— -- Presumptive Democratic presidential nominee Hillary Clinton took the stage with running mate Sen. Tim Kaine for the first time today since announcing him as her vice presidential pick, telling a Miami crowd that he is "everything Donald Trump and Mike Pence are not."
The two walked arm and arm onto the stage at Florida International University before a crowd of more than 5,000, making it one of the largest rallies to date for Clinton's campaign.
Clinton took the microphone first, giving some of the reasons that she picked the Virginia senator. She announced him as her running mate via tweet Friday night.
"As I have said, the most important qualification when you are trying to make this really big choice is, 'Can this person step up to be president?' Well, at every stage of Tim's career, the people that know him best have voted to give him a promotion," Clinton said, referring to Kaine's career progression from mayor of Richmond, Virginia, to governor to U.S. senator.
Clinton picked Kaine after evaluating 24 contenders, according to a campaign official. He was the only one of the contenders who met with Clinton twice. Clinton considered several potential running mates from different parts of the Democratic Party, including Senators Elizabeth Warren and Cory Booker, Agriculture Secretary Tom Vilsack and Labor Secretary Tom Perez.
In Clinton's final meeting with Kaine, she invited him and his wife, Virginia Secretary of Education Anne Holton, to her Chappaqua, New York, home to have lunch with her, former President Bill Clinton, daughter Chelsea Clinton and Chelsea Clinton's husband, Marc Mezvinsky, according to a campaign aide.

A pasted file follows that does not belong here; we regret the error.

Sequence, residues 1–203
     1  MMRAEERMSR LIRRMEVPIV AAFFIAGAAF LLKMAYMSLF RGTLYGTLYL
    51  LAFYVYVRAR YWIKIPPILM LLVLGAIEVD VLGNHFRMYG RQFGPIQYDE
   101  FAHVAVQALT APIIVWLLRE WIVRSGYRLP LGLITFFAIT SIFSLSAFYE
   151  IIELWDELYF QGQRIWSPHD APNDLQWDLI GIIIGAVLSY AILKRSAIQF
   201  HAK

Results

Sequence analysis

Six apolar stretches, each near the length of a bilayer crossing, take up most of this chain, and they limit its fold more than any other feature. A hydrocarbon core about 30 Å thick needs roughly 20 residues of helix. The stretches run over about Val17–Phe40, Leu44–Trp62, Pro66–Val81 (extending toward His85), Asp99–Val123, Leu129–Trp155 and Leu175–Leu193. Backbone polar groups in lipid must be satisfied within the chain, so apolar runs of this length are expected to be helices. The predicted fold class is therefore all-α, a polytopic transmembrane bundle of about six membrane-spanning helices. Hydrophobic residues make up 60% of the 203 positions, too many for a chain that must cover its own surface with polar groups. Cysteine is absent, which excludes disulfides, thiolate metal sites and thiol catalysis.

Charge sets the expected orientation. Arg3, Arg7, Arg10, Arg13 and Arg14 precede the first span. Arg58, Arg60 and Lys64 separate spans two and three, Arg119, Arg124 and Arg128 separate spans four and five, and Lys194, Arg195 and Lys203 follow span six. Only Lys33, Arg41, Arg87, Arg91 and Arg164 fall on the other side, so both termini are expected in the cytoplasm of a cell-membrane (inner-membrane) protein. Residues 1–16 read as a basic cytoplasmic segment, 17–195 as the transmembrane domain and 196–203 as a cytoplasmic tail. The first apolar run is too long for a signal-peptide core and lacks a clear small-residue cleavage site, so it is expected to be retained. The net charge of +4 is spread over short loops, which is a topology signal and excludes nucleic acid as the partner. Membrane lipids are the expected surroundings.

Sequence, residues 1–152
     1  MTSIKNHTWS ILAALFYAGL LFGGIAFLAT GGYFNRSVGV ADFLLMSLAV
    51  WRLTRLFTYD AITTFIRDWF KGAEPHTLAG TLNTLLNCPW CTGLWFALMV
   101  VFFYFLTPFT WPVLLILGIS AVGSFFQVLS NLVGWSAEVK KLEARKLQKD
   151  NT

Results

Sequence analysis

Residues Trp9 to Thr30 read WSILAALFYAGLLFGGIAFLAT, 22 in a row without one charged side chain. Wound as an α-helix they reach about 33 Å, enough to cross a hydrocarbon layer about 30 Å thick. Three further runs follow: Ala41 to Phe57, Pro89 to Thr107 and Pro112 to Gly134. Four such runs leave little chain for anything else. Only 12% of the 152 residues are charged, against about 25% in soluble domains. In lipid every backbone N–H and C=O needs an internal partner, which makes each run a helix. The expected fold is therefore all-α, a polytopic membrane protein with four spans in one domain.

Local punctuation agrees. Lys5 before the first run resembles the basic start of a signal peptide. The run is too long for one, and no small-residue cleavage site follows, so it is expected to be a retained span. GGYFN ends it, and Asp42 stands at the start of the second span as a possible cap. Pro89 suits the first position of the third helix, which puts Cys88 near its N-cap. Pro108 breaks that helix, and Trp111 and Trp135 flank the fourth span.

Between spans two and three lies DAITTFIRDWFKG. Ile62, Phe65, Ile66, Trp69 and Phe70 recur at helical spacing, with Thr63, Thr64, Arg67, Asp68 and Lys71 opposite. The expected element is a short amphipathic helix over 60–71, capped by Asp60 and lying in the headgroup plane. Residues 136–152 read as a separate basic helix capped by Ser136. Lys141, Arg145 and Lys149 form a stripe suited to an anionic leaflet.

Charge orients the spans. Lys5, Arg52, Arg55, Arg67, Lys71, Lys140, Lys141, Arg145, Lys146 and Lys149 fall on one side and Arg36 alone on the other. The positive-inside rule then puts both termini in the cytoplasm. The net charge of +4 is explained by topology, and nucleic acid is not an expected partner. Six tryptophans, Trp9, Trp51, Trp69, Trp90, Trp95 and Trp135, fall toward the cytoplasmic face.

Clinton called Kaine at 7:32 p.m. Friday to offer him the position. Kaine was at a fundraiser in Newport, Rhode Island. Shortly after he got the call, Kaine left the fundraiser. His former staffers and friends began celebrating in Richmond as the news was revealed.
A Clinton campaign official said that during her decision-making process, Clinton kept reiterating her belief that Kaine could do the job of vice president. At the rally today at Florida International University, Clinton made the same point.
He is "a leader who cares more about making a difference than making headlines," Clinton said.
She also described Kaine as a fighter.
"Make no mistake. Behind that smile, Tim also has a backbone of steel. Just ask the NRA," said Clinton in reference to Kaine's fights against the gun-lobbying group
Kaine showed some of his fighting spirit in his criticism of Donald Trump in the speech.
"Do you want a 'you're fired' president or a 'you're hired' president?" Kaine said to the crowd.
He was alluding to the "you're fired" line from Trump's former reality show, "The Apprentice," and he also referred to Trump's business bankruptcies.
Clinton, said Kaine, would be a "you're hired" president, such as through policies to build public infrastructure projects and raise the minimum wage.
Kaine also introduced himself to the crowd by telling a little of his biography.
"Vice president was never a job I thought about growing up in Kansas," he said in a speech interspersed with Spanish, in which he is fluent.
Kaine also touched on some of Clinton's major talking points: "We are going to make the American economy work for everyone, not just those at the top," he said.
The senator and former Virginia governor was long viewed by pundits as one of the most qualified of the contenders on Clinton's list of VP candidates. Although he endorsed President Obama in 2008, he was an early supporter of Clinton's 2016 presidential bid.